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BioMed Research International

Volume 2014 (2014), Article ID 307519, 18 pages

http://dx.doi.org/10.1155/2014/307519
Review Article

Recent Advances in Application of Biosensors in Tissue Engineering

1Biomedical Engineering and Department of Mechanical Engineering, Faculty of Engineering and Architecture, American University of Beirut, Beirut 1107 2020, Lebanon

2Center for Biomedical Engineering, Department of Medicine, Brigham and Women’s Hospital, Harvard Medical School, Cambridge, MA 02139, USA

3Harvard-MIT Division of Health Sciences and Technology, Massachusetts Institute of Technology, Cambridge, MA 02139, USA

4Department of Chemical and Biological Engineering, Korea National University of Transportation, 50 Daehak-ro, Chungju 380-702, Republic of Korea

5Tissue Engineering Centre, Faculty of Medicine, National University of Malaysia (Universiti Kebangsaan Malaysia), 56000 Cheras, Kuala Lumpur, Malaysia

6Department of Chemical and Petroleum Engineering, University of Kansas, Lawrence, KS 66045-7609, USA

7Surface Engineering & Tribology Division, CSIR-Central Mechanical Engineering Research Institute, Mahatma Gandhi Avenue, Durgapur, West Bengal 713209, India

8Department of Biochemistry and Molecular Genetics, Faculty of Medicine, American University of Beirut, Beirut 1107 2020, Lebanon

Received 28 February 2014; Accepted 28 May 2014; Published 6 August 2014

Academic Editor: Min-Hsien Wu

Copyright © 2014 Anwarul Hasan et al. This is an open access article distributed under the Creative Commons Attribution License, which permits unrestricted use, distribution, and reproduction in any medium, provided the original work is properly cited.

Abstract

Biosensors research is a fast growing field in which tens of thousands of papers have been published over the years, and the industry is now worth billions of dollars. The biosensor products have found their applications in numerous industries including food and beverages, agricultural, environmental, medical diagnostics, and pharmaceutical industries and many more. Even though numerous biosensors have been developed for detection of proteins, peptides, enzymes, and numerous other biomolecules for diverse applications, their applications in tissue engineering have remained limited. In recent years, there has been a growing interest in application of novel biosensors in cell culture and tissue engineering, for example, real-time detection of small molecules such as glucose, lactose, and H2O2 as well as serum proteins of large molecular size, such as albumin and alpha-fetoprotein, and inflammatory cytokines, such as IFN-g and TNF-α. In this review, we provide an overview of the recent advancements in biosensors for tissue engineering applications.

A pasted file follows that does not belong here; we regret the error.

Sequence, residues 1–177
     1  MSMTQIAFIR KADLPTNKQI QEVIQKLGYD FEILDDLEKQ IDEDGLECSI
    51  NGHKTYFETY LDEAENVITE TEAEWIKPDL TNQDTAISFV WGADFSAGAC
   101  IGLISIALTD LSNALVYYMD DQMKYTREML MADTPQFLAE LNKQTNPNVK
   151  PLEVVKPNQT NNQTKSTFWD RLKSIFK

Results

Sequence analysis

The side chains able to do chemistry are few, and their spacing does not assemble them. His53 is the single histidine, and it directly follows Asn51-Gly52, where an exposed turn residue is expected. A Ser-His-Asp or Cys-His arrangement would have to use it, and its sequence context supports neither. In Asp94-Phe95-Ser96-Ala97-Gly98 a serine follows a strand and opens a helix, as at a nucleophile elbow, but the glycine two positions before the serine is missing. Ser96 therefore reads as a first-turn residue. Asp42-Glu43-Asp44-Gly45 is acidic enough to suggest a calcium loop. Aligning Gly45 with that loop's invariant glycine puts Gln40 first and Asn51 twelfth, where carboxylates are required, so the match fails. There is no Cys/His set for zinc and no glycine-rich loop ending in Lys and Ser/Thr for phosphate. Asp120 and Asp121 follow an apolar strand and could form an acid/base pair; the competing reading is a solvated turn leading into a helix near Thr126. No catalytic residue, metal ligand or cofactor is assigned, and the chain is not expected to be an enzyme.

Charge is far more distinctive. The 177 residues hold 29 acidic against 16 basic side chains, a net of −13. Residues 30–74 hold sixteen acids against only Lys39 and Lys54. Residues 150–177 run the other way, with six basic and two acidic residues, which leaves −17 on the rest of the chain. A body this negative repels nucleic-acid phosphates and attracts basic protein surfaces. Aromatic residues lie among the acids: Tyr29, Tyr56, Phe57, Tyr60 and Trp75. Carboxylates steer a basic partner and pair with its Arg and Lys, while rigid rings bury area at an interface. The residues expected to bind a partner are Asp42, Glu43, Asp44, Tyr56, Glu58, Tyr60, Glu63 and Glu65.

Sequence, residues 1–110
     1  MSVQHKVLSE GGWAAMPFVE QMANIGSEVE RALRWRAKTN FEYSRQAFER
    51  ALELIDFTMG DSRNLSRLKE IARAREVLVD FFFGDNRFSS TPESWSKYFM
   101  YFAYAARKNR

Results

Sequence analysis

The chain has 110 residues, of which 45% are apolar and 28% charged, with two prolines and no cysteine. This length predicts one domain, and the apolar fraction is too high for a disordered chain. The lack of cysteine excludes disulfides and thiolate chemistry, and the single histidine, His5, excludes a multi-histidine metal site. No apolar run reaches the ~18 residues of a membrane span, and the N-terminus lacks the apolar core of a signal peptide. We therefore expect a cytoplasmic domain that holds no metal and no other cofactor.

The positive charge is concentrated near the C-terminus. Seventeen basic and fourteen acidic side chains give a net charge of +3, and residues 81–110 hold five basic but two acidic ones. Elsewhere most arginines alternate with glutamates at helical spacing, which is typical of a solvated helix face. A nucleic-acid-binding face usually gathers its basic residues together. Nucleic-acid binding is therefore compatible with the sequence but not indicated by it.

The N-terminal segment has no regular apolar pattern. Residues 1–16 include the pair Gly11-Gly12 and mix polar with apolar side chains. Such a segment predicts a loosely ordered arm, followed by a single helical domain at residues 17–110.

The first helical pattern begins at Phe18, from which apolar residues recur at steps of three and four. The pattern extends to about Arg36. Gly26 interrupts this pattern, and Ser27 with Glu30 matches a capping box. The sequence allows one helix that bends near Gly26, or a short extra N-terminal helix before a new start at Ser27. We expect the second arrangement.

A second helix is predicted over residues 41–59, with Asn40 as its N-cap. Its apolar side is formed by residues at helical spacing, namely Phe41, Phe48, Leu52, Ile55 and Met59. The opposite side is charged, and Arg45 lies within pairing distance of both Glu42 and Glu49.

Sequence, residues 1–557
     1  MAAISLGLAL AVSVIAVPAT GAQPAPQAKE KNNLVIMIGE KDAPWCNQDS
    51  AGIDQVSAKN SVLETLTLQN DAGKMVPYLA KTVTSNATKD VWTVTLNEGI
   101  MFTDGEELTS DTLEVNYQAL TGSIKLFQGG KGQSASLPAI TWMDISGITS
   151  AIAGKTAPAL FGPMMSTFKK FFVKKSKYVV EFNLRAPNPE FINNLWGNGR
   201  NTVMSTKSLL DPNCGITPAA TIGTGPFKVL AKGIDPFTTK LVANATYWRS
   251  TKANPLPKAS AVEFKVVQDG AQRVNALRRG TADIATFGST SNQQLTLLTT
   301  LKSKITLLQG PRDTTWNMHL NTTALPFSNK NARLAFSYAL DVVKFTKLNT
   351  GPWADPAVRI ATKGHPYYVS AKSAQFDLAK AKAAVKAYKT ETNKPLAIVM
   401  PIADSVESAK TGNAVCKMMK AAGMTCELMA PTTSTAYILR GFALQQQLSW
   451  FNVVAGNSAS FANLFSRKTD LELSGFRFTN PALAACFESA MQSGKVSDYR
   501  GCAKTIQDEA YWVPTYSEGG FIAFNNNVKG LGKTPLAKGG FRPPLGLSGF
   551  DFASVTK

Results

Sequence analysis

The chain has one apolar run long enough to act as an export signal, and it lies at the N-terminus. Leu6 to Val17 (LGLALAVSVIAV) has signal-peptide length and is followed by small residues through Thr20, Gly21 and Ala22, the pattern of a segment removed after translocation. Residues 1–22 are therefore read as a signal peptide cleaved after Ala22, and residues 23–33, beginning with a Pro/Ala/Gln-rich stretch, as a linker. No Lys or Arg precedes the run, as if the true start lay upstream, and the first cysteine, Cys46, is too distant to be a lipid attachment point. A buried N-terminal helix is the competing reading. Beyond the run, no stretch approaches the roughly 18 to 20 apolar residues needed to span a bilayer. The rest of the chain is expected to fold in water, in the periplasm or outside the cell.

1. Introduction

Biosensors have gained enormous attention in recent years in medicine and nanotechnology, and there is a growing interest in its application in tissue engineering. Since the development of the first oxygen biosensor by Lel and Clark in 1962 [1], researchers in diverse fields have developed numerous biosensors for applications in medicine, biotechnology, and defense against bioterrorism, as well as foods, beverages, and environmental and agricultural applications [2].

Recently, biosensors have shown immense potential for applications in tissue engineering and regenerative medicine. Both tissue engineering and regenerative medicine are rapidly growing fields in biomedical engineering presenting enormous potential for development of engineered tissue constructs for restoring the lost functions of diseased or damaged tissues and organs [3, 4]. Biosensors are gradually becoming an integral part of such tissue engineering systems particularly in microfluidic tissue engineering models as they can sense specific biological molecules within the miniaturized tissue constructs in real-time, at very low concentration levels, through ultrasensitive optical, electrochemical, or acoustic sensing systems. The most frequent use of biosensors so far has been in blood glucose monitoring [5, 6]. Enzymes, antibodies, and receptors have been widely used in biosensors as biological sensing elements [7]. Biosensors have also shown potential for in vivo sensing of disease-specific biomarkers [8]. The device in an in vivo environment can monitor real-time biological signals, such as the release of proteins or antibodies in response to tissue damage, muscular dystrophy, cardiac infarction, inflammatory events or infections. Thus biosensors possess a unique advantage to inform health-related complexities in a timely manner which is a powerful tool for early stage disease detection and treatment in clinical settings [9].